FIG. 1 shows a schematic view of an apparatus 100 according to one embodiment of the present invention. Apparatus 100 includes a laser system 110 and a scanner system 130. Laser system 110 produces outputted laser pulses at a high repetition rate (e.g. from 50,000 to 1,000,000 pulses per second or more are output, although a much higher rate of pulses is originally generated internally in some embodiments). The pulses have a pulse shape and dispersion preconditioning such that once passed through scanning system 130, the light will produce femtosecond pulses (i.e., as used herein, these are pulses each having a duration of less than one picosecond, meaning pulses between about one femtosecond and about 999 femtoseconds). In some embodiments, each pulse is focused to a very small volume (e.g., about 1 micron by 1 micron by 1 micron, in some embodiments) to cause a femtosecond photodisruption event. By choosing a short pulse duration (e.g., in some embodiments, a 350-femtosecond duration) and small focal size (e.g., 5 microns or less), a very precise surface can be formed by an array of photodisruption-volume spots (herein called “spots”). In some embodiments, the energy of each pulse as it leaves laser system 110 is about two microJoules, and after passing through scanning system 130, is about one microJoule as it reaches the eye 99.

Apparatus 100 generates a scanned pulsed laser beam 129 directed onto an eye 99 of a patient in some embodiments, laser section 110 includes one or more sections that have a fiber optical gain medium used to initially create the stream of very short optical pulses, or to amplify the pulses, or to condition, select (i.e., allow some pulses to go through and eliminate other pulses), and/or shape the temporal and/or spatial characteristics of the pulses. The fiber optic gain sections are typically pumped with optical energy having a shorter wavelength than the wavelength of the laser light, in order to create an inverted population of lasing species. In some embodiments, the laser section 110 is capable of generating a pulsed laser beam 127 having physical characteristics similar to those of the laser beams generated by a laser system as disclosed and claimed in U.S. Pat. No. 6,249,630 (incorporated here by reference), which is also assigned to the assignee of the present invention. Furthermore, the present invention contemplates the use of a scanned pulsed laser beam 129 which has pulses with durations as long as a few picoseconds or as short as only a few femtoseconds.

As shown in more detail in FIG. 10, the anatomical structure of eye 99 includes cornea 98 anterior to the pupil 95, the iris 96, and the sclera 92. Optical axis 91 of eye 99 passes through the cornea 98. The tissue of cornea 98 is transparent to visible and near-infrared light Going in a direction from top (anterior of cornea 98) to bottom (posterior of cornea 98) in FIG. 10, the tissue layers of the cornea include the epithelium 981, Bowman's membrane 982 (5–10 microns thick), stroma 983, Decemet's membrane 984 (5 microns thick), and endothelium 985. In some embodiments, the stroma 983 is most important for the present invention, as it contains the only tissue that is removed for correction of the patient's vision.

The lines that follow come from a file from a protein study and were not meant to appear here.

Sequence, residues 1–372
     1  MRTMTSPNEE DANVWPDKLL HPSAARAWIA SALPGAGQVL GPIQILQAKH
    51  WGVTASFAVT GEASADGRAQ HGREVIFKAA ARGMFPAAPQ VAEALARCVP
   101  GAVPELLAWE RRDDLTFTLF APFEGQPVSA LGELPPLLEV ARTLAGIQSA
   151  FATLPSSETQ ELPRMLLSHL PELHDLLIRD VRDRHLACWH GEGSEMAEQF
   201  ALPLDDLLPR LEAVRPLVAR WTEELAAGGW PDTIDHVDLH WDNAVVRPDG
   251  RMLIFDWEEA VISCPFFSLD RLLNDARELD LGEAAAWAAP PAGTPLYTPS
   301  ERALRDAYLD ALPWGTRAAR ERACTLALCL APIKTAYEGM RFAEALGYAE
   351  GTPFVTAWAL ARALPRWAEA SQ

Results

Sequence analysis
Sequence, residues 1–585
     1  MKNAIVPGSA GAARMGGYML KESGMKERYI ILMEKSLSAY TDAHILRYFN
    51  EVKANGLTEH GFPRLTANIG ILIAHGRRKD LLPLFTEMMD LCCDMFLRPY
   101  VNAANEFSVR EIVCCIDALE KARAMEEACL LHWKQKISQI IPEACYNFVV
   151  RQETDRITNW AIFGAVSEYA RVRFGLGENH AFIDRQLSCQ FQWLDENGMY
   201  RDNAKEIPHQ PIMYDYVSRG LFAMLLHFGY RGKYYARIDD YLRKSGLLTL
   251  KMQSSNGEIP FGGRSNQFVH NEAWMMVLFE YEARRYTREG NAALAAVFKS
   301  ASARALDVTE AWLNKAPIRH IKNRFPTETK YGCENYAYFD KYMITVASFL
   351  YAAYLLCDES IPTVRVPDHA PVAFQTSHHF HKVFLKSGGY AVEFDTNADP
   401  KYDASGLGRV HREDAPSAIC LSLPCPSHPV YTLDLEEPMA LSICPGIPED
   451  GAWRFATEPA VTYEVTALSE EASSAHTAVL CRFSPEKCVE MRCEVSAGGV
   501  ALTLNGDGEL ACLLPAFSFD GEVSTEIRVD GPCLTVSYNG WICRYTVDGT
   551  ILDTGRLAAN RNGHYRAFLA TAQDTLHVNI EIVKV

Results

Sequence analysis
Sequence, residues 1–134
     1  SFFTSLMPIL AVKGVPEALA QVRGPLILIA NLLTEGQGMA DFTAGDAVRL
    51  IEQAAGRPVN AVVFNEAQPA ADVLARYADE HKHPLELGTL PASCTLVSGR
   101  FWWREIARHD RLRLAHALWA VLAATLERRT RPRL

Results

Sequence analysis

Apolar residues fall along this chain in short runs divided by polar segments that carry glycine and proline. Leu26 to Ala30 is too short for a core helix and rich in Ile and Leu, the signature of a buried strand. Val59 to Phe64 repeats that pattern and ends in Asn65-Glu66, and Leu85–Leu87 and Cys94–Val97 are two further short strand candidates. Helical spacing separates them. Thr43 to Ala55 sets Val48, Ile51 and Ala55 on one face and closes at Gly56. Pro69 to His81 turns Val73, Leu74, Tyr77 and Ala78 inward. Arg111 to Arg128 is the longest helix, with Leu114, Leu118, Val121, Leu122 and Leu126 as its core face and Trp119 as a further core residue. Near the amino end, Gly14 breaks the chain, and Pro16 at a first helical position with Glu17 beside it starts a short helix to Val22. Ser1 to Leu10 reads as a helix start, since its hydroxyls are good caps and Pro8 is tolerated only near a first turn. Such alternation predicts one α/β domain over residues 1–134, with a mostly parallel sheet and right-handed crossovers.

As indicated above, the correction for myopia, hyperopia, and/or astigmatism can be accomplished by the removal of a predetermined volume of stromal tissue, The particular volume and shape of stromal tissue to be removed for the correction of myopia depends on the type and amount of correction required. To correct myopia, a lens-shaped (lentoid) volume is removed. Such a lentoid volume 80 is shown in cross-section in FIGS. 1 and 10. The lentoid volume 80 is defined by an anterior surface 88 and a posterior surface 87. Together, the anterior surface 88 and the posterior surface 87 completely enclose and separate the lentoid volume 80 of stromal tissue 983 that is to be removed from the rest of the stroma. To obtain the lens shape of the lentoid volume 80 for myopic correction, anterior surface 88 may be convex in shape and the posterior surface 87 may be planar, convex, or concave in shape.

In some embodiments, a corneal-aplanation device such as described in U.S. Pat. No. 6,254,595 issued Jul. 3, 2001 (and incorporated herein by reference) is used to aplanate (flatten) the anterior surface of tie cornea for at least a portion of the surgical procedure, in order to reduce coma and/or spherical aberration of the focused laser spot. Further, this allows the anterior surface 88 to be cut as parallel to the flat contact surface of the aplanating lens, and then the cornea and the anterior surface 88 will restore to a curved shaped when the aplanating lens is removed. This is useful for making a flap for LASIK procedures, but would require a custom-made curved contact lens (rather than other contact lens) to make a cut that is not conforming to a surface equidistant to the cornea surface when completed.

In other embodiments, a curved contact lens 1010, such as shown in FIG. 10, is used instead of a planar contact lens, in order to reduce excess pressure on the cornea, which can cause undesirable secondary effects like glaucoma in these embodiments, the scanner optics precompensates for the combined optical effects of contact lens 1010 and cornea 98 to reduce or eliminate coma and spherical aberration. Further, three-dimensional shapes can be cut, allowing much better correction of astigmatism, and a better corneal surface shape of the final result. Note that as a laser pulse is shortened, its bandwidth (i.e., range of colors) increases, and the optics of scanner system 130, in some embodiments, is corrected for spherical aberration that would otherwise smear the focus of the light, with some colors focused too near and other colors focused too far.